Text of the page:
Yes, you have to set it up to open automatically. Control (right) click on it, and choose Unarchiver or Stuffit Expander if you have either installed and check the "use always" box for it to work the next time you download a self-extracting Windows archive. Alternatively, change the "exe" to "zip" and double-click on it and the OS will unzip it. You will get the PANA_DVD.FRM file that you can burn using either the OS or Toast (I used Toast, with the "Windows and Mac CD" setting). My BD-10A got upgraded to 2.4 without a glitch.
Nice to have a computer whiz in the group.
The outsourcing of tech support is the bane of our existence. Dell built a call centre in Edmonton a little over 3 years ago and is now shuttering it to reduce costs. Times like this, I'm glad I don't own a Dell.
Interesting observation about tech support but one bit of short-sightedness IMO Uhm, building tech support into the product price, whether you need it or not. There's a reason an entry level Mac costs 3x as much as an entry level PC and a nicer one costs 5x as much as a mid-level PC. Its one of the reasons I don't buy Macs. I don't want to subsidize someone else's PC illiteracy. But generally, the problem is that the American consumer wants everything dirt cheap. We buy at WalMart, shop on the internet, and drive out local businesses that would have supported you at a PHYSICAL location (even better than a phone call to Virginia). Manufacturers have almost no margin left. They can't AFFORD to offer good customer service, that costs money. Why can Apple? Again, they build it into the cost.
Continuing with the example of Apple, many people choose to continue the quality support and product protection via AppleCare. The difference is that the quality of the AppleCare personnel are a cut above. Also, while Apple products are more expensive than their PC counterparts, everything from external boxing to internal structure are more like a fine watch than a generic PC.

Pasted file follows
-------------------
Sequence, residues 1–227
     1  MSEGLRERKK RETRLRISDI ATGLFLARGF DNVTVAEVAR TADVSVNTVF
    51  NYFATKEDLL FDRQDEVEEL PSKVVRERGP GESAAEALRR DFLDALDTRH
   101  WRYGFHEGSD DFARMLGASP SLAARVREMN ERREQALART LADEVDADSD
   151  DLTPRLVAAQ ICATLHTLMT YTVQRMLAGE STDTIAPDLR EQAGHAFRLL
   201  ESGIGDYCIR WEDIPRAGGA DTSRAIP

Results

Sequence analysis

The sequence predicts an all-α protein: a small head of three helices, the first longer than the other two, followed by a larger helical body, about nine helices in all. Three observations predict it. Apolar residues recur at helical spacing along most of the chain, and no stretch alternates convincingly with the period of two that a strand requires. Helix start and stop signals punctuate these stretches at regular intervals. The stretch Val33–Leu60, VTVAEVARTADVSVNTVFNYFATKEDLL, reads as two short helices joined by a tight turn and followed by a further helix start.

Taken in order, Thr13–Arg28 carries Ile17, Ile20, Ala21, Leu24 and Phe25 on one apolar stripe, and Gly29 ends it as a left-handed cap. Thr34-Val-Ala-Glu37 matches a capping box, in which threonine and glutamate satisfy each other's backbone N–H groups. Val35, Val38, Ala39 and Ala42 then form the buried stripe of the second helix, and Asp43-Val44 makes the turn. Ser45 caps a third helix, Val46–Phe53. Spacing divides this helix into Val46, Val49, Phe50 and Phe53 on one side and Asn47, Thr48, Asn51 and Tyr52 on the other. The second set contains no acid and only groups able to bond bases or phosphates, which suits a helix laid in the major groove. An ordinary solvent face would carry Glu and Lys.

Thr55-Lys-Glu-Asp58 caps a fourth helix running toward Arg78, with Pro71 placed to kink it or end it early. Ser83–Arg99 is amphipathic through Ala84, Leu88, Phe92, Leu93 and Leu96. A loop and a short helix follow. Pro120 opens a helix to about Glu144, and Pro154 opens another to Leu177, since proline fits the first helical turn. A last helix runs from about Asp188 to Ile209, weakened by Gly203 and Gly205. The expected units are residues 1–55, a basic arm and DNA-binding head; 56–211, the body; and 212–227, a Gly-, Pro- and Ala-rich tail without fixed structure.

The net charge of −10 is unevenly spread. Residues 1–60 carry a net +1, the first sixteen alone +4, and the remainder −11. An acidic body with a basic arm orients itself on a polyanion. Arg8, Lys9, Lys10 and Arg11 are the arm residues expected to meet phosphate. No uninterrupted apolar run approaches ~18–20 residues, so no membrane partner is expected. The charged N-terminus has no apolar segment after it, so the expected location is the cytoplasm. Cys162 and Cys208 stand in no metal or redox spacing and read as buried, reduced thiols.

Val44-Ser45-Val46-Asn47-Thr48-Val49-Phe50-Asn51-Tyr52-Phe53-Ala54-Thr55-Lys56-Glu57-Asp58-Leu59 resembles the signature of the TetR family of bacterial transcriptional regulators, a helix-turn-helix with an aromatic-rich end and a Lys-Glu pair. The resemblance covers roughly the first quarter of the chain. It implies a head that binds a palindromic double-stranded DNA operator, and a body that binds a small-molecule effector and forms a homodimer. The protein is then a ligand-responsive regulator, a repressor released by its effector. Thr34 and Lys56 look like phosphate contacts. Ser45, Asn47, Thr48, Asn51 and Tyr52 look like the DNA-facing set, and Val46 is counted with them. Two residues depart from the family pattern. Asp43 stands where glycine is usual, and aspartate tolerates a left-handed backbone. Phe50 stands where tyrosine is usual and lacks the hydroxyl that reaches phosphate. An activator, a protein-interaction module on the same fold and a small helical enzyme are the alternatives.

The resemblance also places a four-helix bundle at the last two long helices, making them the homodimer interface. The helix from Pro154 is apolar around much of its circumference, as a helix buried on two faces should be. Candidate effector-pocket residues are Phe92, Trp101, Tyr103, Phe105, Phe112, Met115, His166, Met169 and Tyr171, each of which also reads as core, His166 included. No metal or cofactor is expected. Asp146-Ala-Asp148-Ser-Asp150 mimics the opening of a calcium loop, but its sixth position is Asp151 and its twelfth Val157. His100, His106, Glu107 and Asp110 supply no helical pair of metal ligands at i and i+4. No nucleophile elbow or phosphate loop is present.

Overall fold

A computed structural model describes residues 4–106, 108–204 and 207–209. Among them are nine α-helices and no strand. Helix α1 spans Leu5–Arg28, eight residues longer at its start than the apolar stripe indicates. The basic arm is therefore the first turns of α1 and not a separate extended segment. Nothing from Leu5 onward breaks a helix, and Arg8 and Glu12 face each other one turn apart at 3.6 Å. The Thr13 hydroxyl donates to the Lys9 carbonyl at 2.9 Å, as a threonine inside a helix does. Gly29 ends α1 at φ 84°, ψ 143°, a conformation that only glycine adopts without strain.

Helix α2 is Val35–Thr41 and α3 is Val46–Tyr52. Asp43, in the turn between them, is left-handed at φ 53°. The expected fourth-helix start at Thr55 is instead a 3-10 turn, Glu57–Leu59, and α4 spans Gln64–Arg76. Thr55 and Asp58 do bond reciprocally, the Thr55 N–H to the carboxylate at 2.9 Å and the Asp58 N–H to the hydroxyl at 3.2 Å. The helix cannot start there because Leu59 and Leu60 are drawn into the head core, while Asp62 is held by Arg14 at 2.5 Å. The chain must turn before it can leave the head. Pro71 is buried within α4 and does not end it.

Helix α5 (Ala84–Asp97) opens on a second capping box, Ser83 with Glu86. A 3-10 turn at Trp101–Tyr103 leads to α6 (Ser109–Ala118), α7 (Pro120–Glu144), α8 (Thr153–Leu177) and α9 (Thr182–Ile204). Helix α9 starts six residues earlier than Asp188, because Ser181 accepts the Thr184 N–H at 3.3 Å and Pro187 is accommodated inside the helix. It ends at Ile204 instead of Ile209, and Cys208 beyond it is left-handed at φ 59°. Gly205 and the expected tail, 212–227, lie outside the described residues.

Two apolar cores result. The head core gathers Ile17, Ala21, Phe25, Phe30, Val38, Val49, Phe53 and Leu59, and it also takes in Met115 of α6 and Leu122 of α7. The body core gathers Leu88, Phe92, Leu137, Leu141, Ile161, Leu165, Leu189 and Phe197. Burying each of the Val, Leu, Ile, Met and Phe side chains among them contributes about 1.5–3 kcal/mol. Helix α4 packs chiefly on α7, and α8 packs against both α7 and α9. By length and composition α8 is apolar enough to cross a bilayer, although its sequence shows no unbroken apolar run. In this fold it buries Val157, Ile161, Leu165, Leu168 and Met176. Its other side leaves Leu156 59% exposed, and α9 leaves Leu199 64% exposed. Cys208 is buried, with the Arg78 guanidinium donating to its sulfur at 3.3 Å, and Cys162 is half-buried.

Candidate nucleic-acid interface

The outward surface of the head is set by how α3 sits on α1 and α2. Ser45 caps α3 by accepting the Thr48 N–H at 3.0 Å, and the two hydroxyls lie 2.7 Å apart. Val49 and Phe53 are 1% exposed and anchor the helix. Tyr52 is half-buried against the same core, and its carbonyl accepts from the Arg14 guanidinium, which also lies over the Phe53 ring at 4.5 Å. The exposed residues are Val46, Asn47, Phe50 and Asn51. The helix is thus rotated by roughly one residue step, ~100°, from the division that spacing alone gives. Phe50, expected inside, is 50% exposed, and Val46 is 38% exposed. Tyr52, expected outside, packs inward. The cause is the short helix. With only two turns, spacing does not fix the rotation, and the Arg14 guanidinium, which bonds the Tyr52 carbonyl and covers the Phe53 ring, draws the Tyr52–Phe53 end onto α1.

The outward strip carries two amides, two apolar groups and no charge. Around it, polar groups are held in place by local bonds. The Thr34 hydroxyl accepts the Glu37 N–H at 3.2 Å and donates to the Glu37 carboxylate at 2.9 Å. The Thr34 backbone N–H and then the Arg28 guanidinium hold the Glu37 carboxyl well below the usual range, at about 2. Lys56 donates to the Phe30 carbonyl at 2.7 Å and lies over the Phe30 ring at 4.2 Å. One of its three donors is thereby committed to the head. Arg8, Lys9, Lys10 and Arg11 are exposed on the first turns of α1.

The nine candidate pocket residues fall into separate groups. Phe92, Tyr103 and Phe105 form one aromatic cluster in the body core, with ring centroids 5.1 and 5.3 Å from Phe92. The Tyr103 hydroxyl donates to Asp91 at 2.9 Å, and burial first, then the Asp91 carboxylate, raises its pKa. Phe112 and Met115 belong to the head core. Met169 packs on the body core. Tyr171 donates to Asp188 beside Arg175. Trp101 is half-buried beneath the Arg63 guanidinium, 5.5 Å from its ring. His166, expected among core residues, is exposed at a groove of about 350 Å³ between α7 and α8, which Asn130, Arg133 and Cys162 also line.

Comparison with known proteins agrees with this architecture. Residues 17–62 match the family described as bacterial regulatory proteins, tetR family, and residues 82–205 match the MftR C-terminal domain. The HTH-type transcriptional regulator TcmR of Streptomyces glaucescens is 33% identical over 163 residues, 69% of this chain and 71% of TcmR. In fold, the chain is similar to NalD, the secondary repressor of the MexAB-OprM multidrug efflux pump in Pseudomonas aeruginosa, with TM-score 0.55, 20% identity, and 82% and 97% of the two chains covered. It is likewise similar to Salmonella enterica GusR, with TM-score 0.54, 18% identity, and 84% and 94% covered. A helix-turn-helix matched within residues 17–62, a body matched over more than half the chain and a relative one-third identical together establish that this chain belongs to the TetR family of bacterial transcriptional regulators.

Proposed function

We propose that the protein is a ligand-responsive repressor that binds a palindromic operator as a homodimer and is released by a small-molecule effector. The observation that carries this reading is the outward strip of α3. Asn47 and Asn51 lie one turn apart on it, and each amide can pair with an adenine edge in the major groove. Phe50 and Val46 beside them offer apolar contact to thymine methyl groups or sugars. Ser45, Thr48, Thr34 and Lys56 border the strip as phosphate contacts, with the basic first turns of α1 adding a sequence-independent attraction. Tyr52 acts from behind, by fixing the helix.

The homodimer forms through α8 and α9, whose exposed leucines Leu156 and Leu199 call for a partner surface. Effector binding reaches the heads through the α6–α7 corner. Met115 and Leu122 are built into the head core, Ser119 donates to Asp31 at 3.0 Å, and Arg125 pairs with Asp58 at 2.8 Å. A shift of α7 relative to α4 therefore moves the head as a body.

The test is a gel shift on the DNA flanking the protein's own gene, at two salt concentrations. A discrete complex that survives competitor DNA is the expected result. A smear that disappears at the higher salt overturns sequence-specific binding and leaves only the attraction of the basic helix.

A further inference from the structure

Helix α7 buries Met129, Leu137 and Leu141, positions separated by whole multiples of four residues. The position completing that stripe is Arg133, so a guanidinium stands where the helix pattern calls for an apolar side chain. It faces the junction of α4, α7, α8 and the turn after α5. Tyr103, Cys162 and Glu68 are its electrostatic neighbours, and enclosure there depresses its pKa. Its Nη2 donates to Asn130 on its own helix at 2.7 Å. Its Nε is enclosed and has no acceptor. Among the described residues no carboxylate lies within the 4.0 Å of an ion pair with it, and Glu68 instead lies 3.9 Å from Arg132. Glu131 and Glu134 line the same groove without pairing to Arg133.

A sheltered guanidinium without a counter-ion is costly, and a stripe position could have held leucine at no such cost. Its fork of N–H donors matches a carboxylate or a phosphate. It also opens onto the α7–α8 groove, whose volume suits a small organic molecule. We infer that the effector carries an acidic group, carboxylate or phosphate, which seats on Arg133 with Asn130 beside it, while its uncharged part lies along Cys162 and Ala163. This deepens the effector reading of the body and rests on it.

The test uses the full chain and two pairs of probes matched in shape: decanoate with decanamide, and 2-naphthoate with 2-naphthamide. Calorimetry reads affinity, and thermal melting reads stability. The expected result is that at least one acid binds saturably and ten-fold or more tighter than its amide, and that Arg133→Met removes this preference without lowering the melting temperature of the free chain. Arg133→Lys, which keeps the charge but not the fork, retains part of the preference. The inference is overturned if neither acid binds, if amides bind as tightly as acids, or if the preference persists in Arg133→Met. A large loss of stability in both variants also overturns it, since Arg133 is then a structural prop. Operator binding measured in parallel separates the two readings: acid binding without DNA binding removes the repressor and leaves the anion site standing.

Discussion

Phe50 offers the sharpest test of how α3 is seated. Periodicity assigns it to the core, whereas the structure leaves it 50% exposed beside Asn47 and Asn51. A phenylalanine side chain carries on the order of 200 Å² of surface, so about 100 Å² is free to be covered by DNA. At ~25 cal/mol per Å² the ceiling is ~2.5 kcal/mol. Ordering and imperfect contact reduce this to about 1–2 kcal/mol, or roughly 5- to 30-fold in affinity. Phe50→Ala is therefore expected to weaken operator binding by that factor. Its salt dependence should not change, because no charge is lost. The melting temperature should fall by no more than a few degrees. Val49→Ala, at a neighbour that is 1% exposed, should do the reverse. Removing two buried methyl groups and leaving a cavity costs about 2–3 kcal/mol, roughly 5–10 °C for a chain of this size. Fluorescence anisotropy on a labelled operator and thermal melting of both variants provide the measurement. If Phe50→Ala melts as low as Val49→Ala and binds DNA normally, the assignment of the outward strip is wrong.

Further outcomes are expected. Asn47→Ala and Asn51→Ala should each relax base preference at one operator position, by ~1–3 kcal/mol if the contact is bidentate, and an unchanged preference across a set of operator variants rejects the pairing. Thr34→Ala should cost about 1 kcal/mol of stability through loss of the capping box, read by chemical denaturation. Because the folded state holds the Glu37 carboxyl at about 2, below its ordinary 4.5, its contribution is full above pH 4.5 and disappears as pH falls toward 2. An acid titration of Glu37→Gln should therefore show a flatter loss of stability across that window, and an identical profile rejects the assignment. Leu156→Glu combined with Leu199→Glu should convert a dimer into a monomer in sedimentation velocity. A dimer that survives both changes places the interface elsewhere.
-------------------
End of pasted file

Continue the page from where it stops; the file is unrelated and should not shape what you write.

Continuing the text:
1. the guy you talked to was not hired because he was a tech whiz but because he can converse with you on your language 2. he was only following guide provided to him by the company/account who hired him and at times following it step by step is indeed tedious (and at times nonsensical) 3. he didn't take note that you were using a mac probably because he was busy doing something else or his mind was wandering off (just imagine doing his job 8-10 hours a day talking about the same thing over and over again) 4. there should have been an option on his screen which he can click on when the customer says they are on a MAC or any other OS than Windows which will direct him to a different path or course of solutions. he might have missed that. 5. only the privileged few are able to buy or even use a MAC computer and most people are using Windows thus familiarity is really bad. sorry 4 the bad exp but not all TS (tech support) agents in Manila are that bad. there are exceptional people here as evidenced by the increasing number of "call centers" in place (Dell already has 3-4 buildings here put up in the last 3 years). like in all fields of work, not everyone will be able to please. good day! all the way from manila~ j2valdes
Robert, your experience was painfully familiar to me. I volunteer for a radio reading service for the blind. They have very little money and scrounge for the computers they get. And, of course, since they know I used to work in the computer industry, I get asked to do a lot of computer work -- replacing hard drives, adding DVD drives, memory upgrades, etc. Usually on computers for which there are no manuals or driver CDs, etc. Which sometimes means calling tech support. For me, HP was the absolute worst. I was transferred between India and Mexico at least five times on one call when two separate organizations within HP couldn't decide who was responsible for helping me. They'd just say, "Oh, you need to talk to xyz. Let me transfer you..." and before I could say I was just talking to xyz, off I'd be back in Mexico again. Then back to India again. It was only when by chance I got transferred to someone based in the US that I actually got real assistance. Maybe all electronics companies are like that now, but based on my experience, I tell people to avoid buying Compaq/HP products.
COMPLETELY agree! I'm just commenting that you get better tech support from Apple because you paid for it. Its built into the price of the computer. If apple had to hit a $350 price point, I'd bet the service wouldn't be good. Its simple economics.
To be clear, the entire conversation with Panasonic was not made for technical support of any kind. What I was seeking was an upgrade firmware disc.
No no, I understood that, though apparently the other guy didn't
I think getting an upgrade firmware disc IS dealing with customer support.